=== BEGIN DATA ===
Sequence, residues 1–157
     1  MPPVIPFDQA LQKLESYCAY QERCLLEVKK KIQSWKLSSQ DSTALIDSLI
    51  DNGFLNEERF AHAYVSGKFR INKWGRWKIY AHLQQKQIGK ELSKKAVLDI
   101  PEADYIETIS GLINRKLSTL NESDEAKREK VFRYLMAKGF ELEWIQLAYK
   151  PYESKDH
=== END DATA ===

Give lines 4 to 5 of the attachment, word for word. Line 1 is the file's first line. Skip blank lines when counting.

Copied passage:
   101  PEADYIETIS GLINRKLSTL NESDEAKREK VFRYLMAKGF ELEWIQLAYK
   151  PYESKDH